- The transcript of the motion to quash William Hinman’s deposition has been made public.
- The US Securities and Exchange Commission (SEC) vs. blockchain startup Ripple case is ongoing since Dec 2020.
- Lawyers from both parties presented their arguments to Magistrate Judge Sarah Netburn.
- Judge Netburn ruled to depose Mr. Hinman, but the details of his testimony are not yet public knowledge.
YEREVAN (CoinChapter.com) – James K. Filan, an attorney involved in the SEC vs. Ripple case, shared the transcript of the agency’s motion to quash the Hinman deposition, which ultimately failed, as Judge Sarah Netburn ruled against the motion in July 2021. However, the transcript revealed noteworthy arguments from both the prosecution and the defense.
Also read: XRP price drops 7% as SEC vs. Ripple case goes on with a 'Wall Street watchdog' on patrol.
Before referring to the telephonic hearing, it is essential to present the most crucial points in the said lawsuit, as they shed light on the importance of the transcript.
SEC vs. Ripple; essencial information
The law enforcement agency filed the infamous lawsuit in Dec 2020. The SEC accused Ripple, the current chief executive Brad Garlinghouse, and the former CEO Chris Larsen of fraud, citing their “unlawful” sale of $1.3 billion worth of XRP tokens as unregistered securities.
The fact that the agency didn’t extend the same ‘courtesy’ to larger cryptocurrencies like Bitcoin and Ethereum became the cornerstone of the lawsuit and one of the primary defense fronts. Furthermore, the defense cited what is now referred to as the “Hinman Speech” to prove their point.
In hindsight, William Hinman is the former Director of the Corporation Finance Division at the SEC. In his June 2018 speech, Mr. Hinman voiced his position on defining digital assets.
Putting aside the fundraising that accompanied the creation of Ether, based on my understanding of the present state of Ether, the Ethereum network and its decentralized structure, current offers and sales of Ether are not securities transactions.said the former official.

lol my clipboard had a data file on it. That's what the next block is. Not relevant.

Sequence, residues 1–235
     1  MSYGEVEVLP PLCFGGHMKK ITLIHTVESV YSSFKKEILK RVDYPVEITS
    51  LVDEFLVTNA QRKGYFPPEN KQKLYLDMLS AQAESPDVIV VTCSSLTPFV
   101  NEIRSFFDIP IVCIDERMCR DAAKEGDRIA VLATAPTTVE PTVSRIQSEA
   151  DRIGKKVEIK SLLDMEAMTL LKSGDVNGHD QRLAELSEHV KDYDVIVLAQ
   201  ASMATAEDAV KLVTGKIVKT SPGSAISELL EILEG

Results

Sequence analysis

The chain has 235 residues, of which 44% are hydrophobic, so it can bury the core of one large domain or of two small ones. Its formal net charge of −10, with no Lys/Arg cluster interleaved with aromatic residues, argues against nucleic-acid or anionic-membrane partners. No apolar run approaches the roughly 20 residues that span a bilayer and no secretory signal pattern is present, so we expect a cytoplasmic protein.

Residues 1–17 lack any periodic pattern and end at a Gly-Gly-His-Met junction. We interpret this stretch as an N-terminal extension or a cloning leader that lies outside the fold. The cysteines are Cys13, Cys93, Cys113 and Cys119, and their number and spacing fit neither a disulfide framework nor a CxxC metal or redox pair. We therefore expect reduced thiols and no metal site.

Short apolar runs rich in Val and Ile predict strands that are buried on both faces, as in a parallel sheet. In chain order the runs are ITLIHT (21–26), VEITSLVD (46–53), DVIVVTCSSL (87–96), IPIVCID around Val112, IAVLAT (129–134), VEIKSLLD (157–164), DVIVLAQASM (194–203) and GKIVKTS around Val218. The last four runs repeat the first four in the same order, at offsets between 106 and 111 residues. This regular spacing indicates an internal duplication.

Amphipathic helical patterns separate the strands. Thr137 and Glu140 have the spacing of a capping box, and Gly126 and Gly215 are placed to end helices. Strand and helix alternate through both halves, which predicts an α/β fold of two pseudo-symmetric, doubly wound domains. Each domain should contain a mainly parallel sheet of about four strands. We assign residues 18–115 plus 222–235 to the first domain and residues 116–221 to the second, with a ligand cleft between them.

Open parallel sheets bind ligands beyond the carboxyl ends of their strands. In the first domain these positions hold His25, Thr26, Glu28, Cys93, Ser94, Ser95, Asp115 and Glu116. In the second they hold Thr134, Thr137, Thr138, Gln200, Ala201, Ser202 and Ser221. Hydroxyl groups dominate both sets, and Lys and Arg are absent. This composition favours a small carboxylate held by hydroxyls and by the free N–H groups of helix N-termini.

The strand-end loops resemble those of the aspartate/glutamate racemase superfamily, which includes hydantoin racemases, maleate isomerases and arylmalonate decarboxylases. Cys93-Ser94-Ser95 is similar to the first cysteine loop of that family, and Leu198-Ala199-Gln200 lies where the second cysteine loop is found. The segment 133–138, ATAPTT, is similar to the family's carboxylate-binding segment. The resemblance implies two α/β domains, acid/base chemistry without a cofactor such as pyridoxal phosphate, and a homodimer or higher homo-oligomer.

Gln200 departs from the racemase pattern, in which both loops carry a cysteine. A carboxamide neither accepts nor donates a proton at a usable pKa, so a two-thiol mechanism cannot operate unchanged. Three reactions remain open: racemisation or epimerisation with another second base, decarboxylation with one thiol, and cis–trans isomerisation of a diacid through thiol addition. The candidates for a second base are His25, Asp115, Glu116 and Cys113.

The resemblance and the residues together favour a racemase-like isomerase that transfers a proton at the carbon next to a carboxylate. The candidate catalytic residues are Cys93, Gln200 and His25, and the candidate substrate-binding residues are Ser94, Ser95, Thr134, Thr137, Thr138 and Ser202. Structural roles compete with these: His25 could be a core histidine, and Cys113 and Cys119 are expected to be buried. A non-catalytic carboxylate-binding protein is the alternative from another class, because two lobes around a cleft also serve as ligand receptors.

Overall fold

Ripple lawyers aimed to depose Mr. Hinman on the matter, i.e., order his testimony before the court. Undoubtedly, the further investigation of a former SEC official’s stance could clarify the case. However, the agency filed a motion to quash the deposition, citing the danger of creating a precedent questioning a high-ranking official.
The prosecution and the defense presented their arguments to Magistrate Judge Sarah Netburn in July 2021. As mentioned, the SEC argued that the serial abuse of litigation could destabilize government functioning. They cited the Judge’s own words prior to the hearing.
Subjecting former officials’ decision-making processes to judicial scrutiny and the possibility of continued participation in lawsuits years after leaving public office would serve as a significant deterrent to qualified candidates for public service.Judge Sarah Netburn had said before the hearing.
The SEC attorneys also pointed out they were not aware of any case where a current or former SEC director was forced to testify. Moreover, the defendants have not come forward with any such case. The prosecution added that ruling for Mr. Hinman’s deposition would mean “opening the floodgates to many many such subpoenas in this case and beyond.”
Judge Netburn noted that Mr. Hinman gave the speech on his behalf and specifically emphasized the views to be his own and not those of the SEC. However, the defense argued that the former official could shed light on the case, as he is well-versed on where digital assets fall in the law-enforcement field.
[Mr Hinman] does have the firsthand knowledge of industry perceptions of digital assets and of their regulatory status, because he knows firsthand about the communication he had with industry participants about whether digital assets were securities.
And he has that personal knowledge because he spoke to people outside the agency both before and after he gave the speech[…] in June 2018 about how the federal securities laws apply to digital assets.noted the defence.
The defense lawyers pointed out that third-party experts fall under a “non-privileged area of inquiry.” Thus, deposing Mr. Hinman could help voice not only his personal opinion but the ‘army of experts’ that he consulted. After showcasing the SEC’s “obvious inconsistency” regarding Ethereum definition, the Judge ruled against the motion.
I think that this case is not a basis for future cases and future judges to find that a deposition is appropriate in all instances. But I do think in this case Mr. Hinman, given the speech, must sit for a deposition. So I am going to authorize this deposition.Judge Netburn stated.
The issue of speech approval by the SEC and the subsequent impact for the case remains a question, as Mr. Hinman’s deposition transcript has not yet been revealed. However, the said impact could be substantial not only for SEC vs. Ripple but for other law-enforcement cases involving digital assets.